The hero system where officers and other special units gain experience in combat towards learning new skills injects a small degree of role-playing into the mix. These skills are diverse and imaginatively implemented. The Russian officer's comical "Double Portion of Vodka" skill gives troops a morale boost while the British SAS officer can call in paratroopers on his position. While not included in the preview build, the final build promises a range of fun tricks to try out, including the political officer's ability to call a propaganda leaflet drop to demoralize enemy troops. This system will require you to pay careful attention to the micro details to utilize and defend your powerful elite troops so that you can carry them on to your next battle.
You'll be spoiled for choice in the number of different units you can build, and in addition, there is a breadth of diversity between different nations' troop units. In total, Rush For Berlin promises over 100 different troop types, meaning it will take you some time to figure out the unique strengths of each. Alongside the standard artillery foot soldiers, there are sappers, snipers, medics, a range of authentically reproduced vehicles, and the riotous shock infantry who comes with a trained dog to plant explosives on enemy units.
The diversity and detail means winning a scenario is not as simple as collecting a massive amount of units together and pointing them in the right direction. Instead, you'll have to employ some creative tactics to balance your firepower, harnessing the strengths of some units to backup the weaknesses of others. Each unit has its own range of sight, but you also have the ability to "hear" your enemy before you see them, since their noisy activity is represented as an icon within the fog of war. This allows the wily strategy gamer to plan flank attacks or divert troops to avoid a confrontation.
Further subtleties, like the way different terrain types can affect troop movement rates, add to the mix of factors you'll have to plan in your strategy. Instead of rushing headlong into firefights, you can use units with a long range of sight to scout the terrain ahead, call in precision tactical air strikes on embedded troops, barricade your men inside gutted buildings and generally employ thinking and tactics to win the day. What's more, some effort has been made to bring some diversity to the gameplay so you won't always be capturing the enemy base. One mission, for example, requires you to guide tanks through the hazardous thin ice of frozen marshland by lighting signal fires. The often multiple mission objectives remove some of the linearity from gameplay.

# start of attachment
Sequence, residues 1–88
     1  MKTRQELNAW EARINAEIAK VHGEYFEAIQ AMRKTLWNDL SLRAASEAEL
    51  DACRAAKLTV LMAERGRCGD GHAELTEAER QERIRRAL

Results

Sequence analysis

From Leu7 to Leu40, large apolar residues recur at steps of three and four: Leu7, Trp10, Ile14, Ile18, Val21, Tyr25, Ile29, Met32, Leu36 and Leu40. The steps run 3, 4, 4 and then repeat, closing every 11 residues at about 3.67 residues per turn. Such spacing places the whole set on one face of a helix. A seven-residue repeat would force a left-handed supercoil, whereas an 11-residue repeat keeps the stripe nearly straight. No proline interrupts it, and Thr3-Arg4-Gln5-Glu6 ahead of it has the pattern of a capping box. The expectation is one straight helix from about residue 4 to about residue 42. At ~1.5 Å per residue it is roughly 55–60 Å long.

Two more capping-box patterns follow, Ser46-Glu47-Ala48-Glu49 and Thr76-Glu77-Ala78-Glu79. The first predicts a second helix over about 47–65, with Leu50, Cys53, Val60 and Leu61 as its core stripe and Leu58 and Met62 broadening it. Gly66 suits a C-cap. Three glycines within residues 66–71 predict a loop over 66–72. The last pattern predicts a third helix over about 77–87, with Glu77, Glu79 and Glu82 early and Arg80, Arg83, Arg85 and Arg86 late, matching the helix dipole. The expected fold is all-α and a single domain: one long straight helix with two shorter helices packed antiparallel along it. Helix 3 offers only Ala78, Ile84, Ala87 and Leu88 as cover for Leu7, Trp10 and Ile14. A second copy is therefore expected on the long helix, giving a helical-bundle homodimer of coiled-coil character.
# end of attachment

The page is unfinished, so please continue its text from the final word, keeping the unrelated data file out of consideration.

The rattle of small arms fire is complemented by the deep dull thuds of heavy artillery that shake the screen and capture the sounds of warfare with a satisfying degree of fidelity. The drone of overhead planes or mechanical rumbling of tank treads is not accompanied by a lot of music, except for when the action really gets going and a suitably dramatic soundtrack kicks in. Elsewhere, the somewhat lengthy load sequences are set to rambunctious, patriotic military tunes with drums and brass heralding the glory of the motherland or the might of the empire.
Three different difficulty levels allow for a degree of replayability, and the AI provides quite a sufficient challenge, retreating, trying to outmaneuver your units, and using buildings and terrain as cover. When trash-talking the AI begins to feel a bit hollow, the final build also promises a multiplayer option featuring two new gameplay modes alongside the standard deathmatch and domination choices. From what we've seen, Rush For Berlin is on track to be a tasty morsel for fans of the genre and series to chew on until Panzers 2 arrives, but it is also a relatively apt and uncomplicated introduction to the genre for those gamers who might be wondering what all the fuss is about.